Danny Boyle: Trainspotting sequel was case of '˜now or never'

A 'now or never' summit was held in Edinburgh to decide if a sequel to Trainspotting should go ahead, Danny Boyle has revealed.

Robert Carlyle, Ewan McGregor, Ewan Bremner and Johnny Lee Miller in T2 Trainspotting. Picture: Contributed

A “Big Brother House” was hired to have a final go at coming up with a story that would persuade the actors who starred in the original film to revive their roles after two decades.

The Oscar-winning director, author Irvine Welsh, screenwriter John Hodge and producer Andrew Macdonald reunited in the city as the clock ticked towards the 20th anniversary of the first film’s release in 1996.

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But Boyle said the resulting script produced by Hodge convinced him Ewan McGregor, Robert Carlyle, Jonny Lee Miller and Ewen Bremner could return, saying: “I thought they’d be crazy not to do it.”

Although T2 Trainspotting, which is released on 27 January, is said to be loosely based on Welsh’s 2002 sequel Porno, Boyle revealed the new film is also “a direct look” back to the author’s original 1993 best-seller, which he described as being “like a modern Ulysses.”

Boyle and Hodge – who were interviewed in the LA Times – started working with Welsh on a sequel three years ago after the director and McGregor resolved their much-publicised differences after the actor was dropped from The Beach.

Recalling the discussions over a possible sequel, Boyle said: “The main question was ‘could John produce a script?’

“The actors naturally had reservations in terms of only wanting to do something as well as we did the first one - they didn’t want to let people down by making a disappointing follow-up. John attempted a couple of versions which we all knew, including him, didn’t work. Then we all went up to Edinburgh for one final go.

“The 20th anniversary was coming up and we thought it’s now or never.

John went away and wrote a script that I knew, as soon as I read it, I could send to the actors. I thought ‘they’d be crazy not to do it’.

“They still might have said ‘no’ because of all sorts of factors, not least because a couple of them are in serious full-time TV shows. But they all responded very positively, so we were able to get it going.”

Welsh said: We had this Big Brother House in a flat in Edinburgh. They were getting immersed in the city again. It was a now or never situation. We got to a point where it was going to happen.”

McGregor said: “It wasn’t until three or four years ago that this started being talked about. A new script was then written by John, and it was like ‘oh **** it’s really good … it’s really really good!’

“So we had a secret meeting in the Union Club in Soho. Well, all except for Johnny Lee Miller, who couldn’t make it. Even at the premieres and at Cannes there was always someone who wasn’t there. But in this case there was Bobby Carlyle, Ewen Bremner, Danny, Andrew Macdonald, John Hodge and me. It felt really extraordinary. We read the script out loud and talked about it afterwards. And really from that day we were all in.”

The new film is set after 20 years after the original, which ended with McGregor’s character, Renton, betraying his friends after a drug deal in London. He returns to Edinburgh for the first time and is quickly reunited with old friends Spud, Sick Boy and Begbie.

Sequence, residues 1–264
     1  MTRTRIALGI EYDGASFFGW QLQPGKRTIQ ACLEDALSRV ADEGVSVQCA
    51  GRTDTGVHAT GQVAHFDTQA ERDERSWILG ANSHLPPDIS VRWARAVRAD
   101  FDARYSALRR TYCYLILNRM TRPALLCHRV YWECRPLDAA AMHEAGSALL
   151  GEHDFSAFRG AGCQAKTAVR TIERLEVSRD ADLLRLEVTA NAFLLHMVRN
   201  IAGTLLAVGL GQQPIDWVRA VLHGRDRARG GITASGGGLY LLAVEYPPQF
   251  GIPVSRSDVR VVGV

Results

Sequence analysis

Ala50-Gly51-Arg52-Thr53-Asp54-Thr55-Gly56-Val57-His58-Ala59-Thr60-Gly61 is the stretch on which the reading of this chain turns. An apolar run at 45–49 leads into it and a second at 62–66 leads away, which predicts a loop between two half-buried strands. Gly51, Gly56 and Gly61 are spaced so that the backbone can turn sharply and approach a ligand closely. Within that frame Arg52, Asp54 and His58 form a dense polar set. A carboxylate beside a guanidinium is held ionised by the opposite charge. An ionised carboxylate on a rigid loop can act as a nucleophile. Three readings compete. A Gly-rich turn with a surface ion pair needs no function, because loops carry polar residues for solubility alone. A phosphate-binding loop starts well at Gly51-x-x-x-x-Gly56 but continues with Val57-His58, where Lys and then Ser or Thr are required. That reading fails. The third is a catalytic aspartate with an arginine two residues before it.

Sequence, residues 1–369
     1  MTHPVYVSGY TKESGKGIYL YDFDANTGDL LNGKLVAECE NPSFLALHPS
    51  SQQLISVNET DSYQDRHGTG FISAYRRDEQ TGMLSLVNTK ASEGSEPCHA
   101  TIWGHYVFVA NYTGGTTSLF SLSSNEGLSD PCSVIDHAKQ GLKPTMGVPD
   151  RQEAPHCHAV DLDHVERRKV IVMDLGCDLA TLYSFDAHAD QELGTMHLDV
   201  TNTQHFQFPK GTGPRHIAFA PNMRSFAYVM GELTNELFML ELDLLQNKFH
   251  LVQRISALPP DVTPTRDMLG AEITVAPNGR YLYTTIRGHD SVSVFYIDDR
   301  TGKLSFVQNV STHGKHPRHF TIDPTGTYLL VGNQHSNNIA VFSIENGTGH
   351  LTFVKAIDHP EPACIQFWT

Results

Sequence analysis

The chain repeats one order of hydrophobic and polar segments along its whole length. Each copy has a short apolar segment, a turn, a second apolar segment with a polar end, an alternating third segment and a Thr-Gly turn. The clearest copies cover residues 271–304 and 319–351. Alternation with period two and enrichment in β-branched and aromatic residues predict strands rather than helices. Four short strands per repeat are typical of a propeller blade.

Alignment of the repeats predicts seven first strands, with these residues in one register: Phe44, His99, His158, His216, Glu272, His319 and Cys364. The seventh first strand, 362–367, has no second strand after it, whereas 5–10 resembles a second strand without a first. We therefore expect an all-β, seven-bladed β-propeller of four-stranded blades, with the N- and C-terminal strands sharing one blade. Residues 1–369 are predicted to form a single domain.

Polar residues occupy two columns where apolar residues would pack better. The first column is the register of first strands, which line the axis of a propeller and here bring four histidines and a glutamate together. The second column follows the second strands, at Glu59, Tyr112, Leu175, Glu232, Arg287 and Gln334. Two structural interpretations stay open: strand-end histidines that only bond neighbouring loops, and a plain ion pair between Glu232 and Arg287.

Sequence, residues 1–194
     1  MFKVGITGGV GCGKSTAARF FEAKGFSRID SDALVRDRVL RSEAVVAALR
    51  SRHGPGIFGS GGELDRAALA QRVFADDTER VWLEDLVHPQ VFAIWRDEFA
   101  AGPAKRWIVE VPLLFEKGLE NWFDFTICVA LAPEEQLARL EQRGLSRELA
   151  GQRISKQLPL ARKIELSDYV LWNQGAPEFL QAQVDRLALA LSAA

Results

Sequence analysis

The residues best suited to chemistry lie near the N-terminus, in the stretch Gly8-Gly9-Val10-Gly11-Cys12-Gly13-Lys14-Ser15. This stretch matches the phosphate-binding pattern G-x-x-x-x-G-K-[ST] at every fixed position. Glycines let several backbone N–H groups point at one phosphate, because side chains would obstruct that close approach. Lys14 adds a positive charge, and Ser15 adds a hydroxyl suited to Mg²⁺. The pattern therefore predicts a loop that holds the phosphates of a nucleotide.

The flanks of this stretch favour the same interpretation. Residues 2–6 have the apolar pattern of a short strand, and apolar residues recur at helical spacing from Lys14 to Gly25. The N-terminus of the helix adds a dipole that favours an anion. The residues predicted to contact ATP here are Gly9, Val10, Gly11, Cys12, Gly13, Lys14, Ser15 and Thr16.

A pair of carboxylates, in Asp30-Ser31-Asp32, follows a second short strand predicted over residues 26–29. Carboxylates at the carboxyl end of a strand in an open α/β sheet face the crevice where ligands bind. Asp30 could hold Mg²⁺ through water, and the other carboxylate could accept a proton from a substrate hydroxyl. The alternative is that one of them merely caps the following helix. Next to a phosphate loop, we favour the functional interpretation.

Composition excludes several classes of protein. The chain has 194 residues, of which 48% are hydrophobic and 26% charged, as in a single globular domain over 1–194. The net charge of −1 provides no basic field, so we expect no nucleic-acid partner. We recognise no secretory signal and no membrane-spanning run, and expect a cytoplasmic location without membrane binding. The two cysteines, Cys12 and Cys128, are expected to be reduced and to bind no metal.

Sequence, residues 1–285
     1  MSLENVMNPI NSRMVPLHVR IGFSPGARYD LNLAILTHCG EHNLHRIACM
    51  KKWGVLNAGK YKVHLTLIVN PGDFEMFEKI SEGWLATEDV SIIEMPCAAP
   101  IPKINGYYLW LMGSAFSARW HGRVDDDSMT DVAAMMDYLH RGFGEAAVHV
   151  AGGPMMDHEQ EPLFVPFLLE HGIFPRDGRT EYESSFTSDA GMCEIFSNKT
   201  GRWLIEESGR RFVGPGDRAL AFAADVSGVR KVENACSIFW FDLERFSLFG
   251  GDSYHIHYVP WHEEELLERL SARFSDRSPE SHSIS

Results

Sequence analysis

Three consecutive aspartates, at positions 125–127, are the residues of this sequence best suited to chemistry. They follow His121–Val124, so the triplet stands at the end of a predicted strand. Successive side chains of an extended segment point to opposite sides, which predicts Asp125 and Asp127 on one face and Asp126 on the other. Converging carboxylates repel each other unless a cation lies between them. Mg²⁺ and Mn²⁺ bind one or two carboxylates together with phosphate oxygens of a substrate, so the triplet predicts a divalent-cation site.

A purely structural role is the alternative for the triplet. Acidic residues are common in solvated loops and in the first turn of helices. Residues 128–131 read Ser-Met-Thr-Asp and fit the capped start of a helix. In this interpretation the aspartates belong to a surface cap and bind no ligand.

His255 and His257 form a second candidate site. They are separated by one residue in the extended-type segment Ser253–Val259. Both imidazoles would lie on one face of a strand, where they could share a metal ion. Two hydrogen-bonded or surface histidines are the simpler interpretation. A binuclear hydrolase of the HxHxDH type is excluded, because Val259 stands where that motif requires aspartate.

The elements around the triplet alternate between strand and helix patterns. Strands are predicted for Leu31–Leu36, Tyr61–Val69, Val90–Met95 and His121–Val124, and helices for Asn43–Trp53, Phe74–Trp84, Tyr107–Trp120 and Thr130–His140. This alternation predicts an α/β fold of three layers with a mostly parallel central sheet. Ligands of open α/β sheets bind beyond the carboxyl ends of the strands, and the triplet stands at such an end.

A number of other cast members return in the sequel, including Shirley Henderson, James Cosmo and Kelly Macdonald.

Boyle added: “It’s 21 years since the release of the first film, and conventional wisdom says that’s 20 years too late to do a sequel.

“The delay wasn’t exactly deliberate — we’ve been talking about doing another one for years.

“But, actually, it’s what gives the film a raison d’etre. When you put the actors side by side with how they looked 20 years ago, it’s very brutal.

“We looked at it 10 years ago and the actors didn’t look that different. I used to joke with them that they must moisturise all the time! But 20 years is a long time and you can feel it.

“The guys dealt really well with how they look now and how that they were going to be compared to how they looked previously. It was honest. They weren’t shy about owning up to where they are now, and that’s what the movie is all about.”

Carlyle, whose fearsome character has been serving time behind bars, said: It was a long time to wait to do it again. I expected it to be tough, but it genuinely wasn‘t.

“It’s a corny thing to say, but it was like an old pair of shoes. I knew this guy Begbie so well. He’s changed a lot, but there‘s still a lot of fun about the character - and a kind of despair as well. He’s led a sad kind of life. And that is really what the film explores.

“It‘s what have these guys done in the last 20 years and where are they now? It‘s very emotional, much more emotional than I expected it to be and I think it‘s probably even more emotional than Danny expected it to be.”

Jonny Lee Miller said: “I always said there was no point in making a sequel to Trainspotting unless you’re examining some bigger issues. What’s it like being older? What have you done? What’s happened to the characters and what are the implications? A straightforward sequel to a caper, with the answers to who got away and who got revenge, becomes very boring really. The only way you could make it interesting is to put people’s lives in between it.”

Boyle added: “We always sort of knew that there would be a pleasure in seeing these four characters together again, but the big surprise is the emotional impact. You see their faces, and it’s immediate.

“There’s a pathos. It’s to do with our awareness of what time has done to them, and to us. The film kind of telescopes time—you look one way and the past is there, so close; you look again—and it’s gone.”